Samoa Joe on AEW and ROH Feuds: 'I Want to Beat Everybody Up, You Know?'

The Doctor Chris Mueller@@BR_DoctorFeatured ColumnistApril 22, 2022

Samoa Joe on AEW and ROH Feuds: 'I Want to Beat Everybody Up, You Know?'

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    Credit: All Elite Wrestling

    On April 1 at the Ring of Honor pay-per-view titled Supercard of Honor, Samoa Joe made a shocking appearance at the end of the night, returning to the promotion he helped legitimize for the first time in seven years.

    The Samoan Submission Machine's arrival in ROH coincided with him signing a contract to work for All Elite Wrestling, opening up the possibility of appearing for both promotions once ROH is running full-time again.

    All of this came just three months after Joe and WWE parted ways. We are only a few weeks into his AEW deal and the 43-year-old has already found himself wearing the Ring of Honor Television Championship.

    We had a chance to speak with AEW's newest acquisition to talk about appearing at Supercard of Honor, facing Minoru Suzuki, working with AEW, other interests in and out of the ring, and much more. 

Returning to ROH at Supercard of Honor

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    When the pandemic struck pro wrestling, ROH was hit just as hard as anybody, if not harder. In December 2021, the promotion announced it was going on hiatus and released everyone who was still under contract.

    It was a tough blow for the fans, and it was even tougher on the talent. When Tony Khan announced he had purchased Ring of Honor, many became hopeful that the company would eventually resume operations.

    While there is no timetable on when a weekly show may return, ROH did make a big splash with Supercard of Honor. Joe talked about being the big surprise at the end of the night and what it meant to return to his old stomping grounds. 

    "Obviously, it's always somewhat satisfying coming home and reentering a promotion that you were pretty largely responsible for kind of putting on the map," he said. "Having that ability to come back to ROH and give back to them, especially in this critical time, it's a rare opportunity that many people will never get to experience, so it's one I cherish."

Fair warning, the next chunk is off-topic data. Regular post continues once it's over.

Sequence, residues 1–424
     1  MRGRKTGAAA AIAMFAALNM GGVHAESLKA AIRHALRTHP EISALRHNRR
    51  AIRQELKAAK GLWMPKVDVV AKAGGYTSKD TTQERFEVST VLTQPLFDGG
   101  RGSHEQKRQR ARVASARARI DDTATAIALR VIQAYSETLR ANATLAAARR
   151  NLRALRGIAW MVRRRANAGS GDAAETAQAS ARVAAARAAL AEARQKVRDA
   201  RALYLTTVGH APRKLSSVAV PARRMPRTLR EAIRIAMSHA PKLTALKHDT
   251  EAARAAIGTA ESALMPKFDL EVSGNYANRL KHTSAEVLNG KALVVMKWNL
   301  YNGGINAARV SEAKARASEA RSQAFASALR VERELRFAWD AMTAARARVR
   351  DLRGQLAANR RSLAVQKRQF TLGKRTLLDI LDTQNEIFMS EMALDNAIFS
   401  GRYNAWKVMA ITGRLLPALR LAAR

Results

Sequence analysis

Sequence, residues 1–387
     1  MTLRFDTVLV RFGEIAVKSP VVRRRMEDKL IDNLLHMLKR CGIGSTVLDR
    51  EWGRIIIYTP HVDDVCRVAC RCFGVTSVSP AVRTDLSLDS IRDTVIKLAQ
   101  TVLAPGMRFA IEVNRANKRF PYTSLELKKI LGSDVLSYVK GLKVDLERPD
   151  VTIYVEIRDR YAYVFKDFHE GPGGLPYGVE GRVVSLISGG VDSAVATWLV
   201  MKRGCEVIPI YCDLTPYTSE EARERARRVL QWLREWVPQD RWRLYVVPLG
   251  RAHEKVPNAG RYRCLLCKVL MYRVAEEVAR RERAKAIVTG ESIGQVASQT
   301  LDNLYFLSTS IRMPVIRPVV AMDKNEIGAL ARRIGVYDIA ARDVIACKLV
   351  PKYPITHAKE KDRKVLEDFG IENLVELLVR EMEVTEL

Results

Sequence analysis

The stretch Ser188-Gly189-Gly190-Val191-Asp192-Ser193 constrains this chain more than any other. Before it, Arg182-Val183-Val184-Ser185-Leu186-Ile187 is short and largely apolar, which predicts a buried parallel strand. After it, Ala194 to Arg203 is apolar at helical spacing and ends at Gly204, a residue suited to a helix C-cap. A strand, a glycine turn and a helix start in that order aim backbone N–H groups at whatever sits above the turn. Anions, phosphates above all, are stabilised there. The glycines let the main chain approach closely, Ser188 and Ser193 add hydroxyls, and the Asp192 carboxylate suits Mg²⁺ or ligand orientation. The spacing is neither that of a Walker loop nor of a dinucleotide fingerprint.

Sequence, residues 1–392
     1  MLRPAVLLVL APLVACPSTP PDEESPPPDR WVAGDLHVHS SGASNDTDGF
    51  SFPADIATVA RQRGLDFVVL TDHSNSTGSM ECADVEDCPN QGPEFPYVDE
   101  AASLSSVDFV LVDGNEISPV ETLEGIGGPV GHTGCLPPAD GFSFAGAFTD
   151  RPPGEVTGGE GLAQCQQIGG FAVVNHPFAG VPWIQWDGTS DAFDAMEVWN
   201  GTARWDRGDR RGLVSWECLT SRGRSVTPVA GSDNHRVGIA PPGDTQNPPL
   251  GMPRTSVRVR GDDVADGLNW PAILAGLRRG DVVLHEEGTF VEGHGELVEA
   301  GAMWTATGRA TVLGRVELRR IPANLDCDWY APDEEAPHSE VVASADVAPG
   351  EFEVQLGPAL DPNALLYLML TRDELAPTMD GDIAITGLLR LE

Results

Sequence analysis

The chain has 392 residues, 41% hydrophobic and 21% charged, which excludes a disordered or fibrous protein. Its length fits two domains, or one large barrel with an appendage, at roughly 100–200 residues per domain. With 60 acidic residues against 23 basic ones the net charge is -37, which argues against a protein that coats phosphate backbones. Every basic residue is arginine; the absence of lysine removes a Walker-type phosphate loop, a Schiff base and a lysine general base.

Facing Minoru Suzuki

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    Joe has only been in AEW for a few weeks, but he has quickly put together a string of fun matches. His biggest showdown to date was against Japanese wrestling legend Minoru Suzuki for the ROH TV title. 

    "Obviously, Suzuki is a very accomplished and dangerous individual in his own right," he said. "When it comes to Minoru, he's exactly what I expected. Just a hard-nosed, no B.S., in your face, ready to rock and roll. submission fighter from Japan.

    "He is as billed and it's always fun to get in there and knock around with guys who are made of granite. It's a different kind of feeling. A lot of people can't hang at that level, but Minoru makes it fun."

    The match saw Joe win the ROH TV title for the first time, making him an official triple crown champion in ROH. The bout was noted by many for its brutality and huge number of strikes, but for a veteran such as Joe, it's just another day at the office. 

    "We're all good. Ready for 3,000 more [chops]," he said. "I mean, you know, you gotta understand I've been doing this a while. This tank has been taking shots for quite a while and the armor hasn't broken yet. That may be torture and hell for the normal human being. That's a day in the life of me. And that's not even hyperbole. Bring that all day long. I'm ready for the war."

The Strongest Strikers

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    One of the main things someone needs to be able to do in pro wrestling is know how to throw a good strike. Whether it's a punch, chop, kick, knee or elbow, you have to be able to make it look convincing.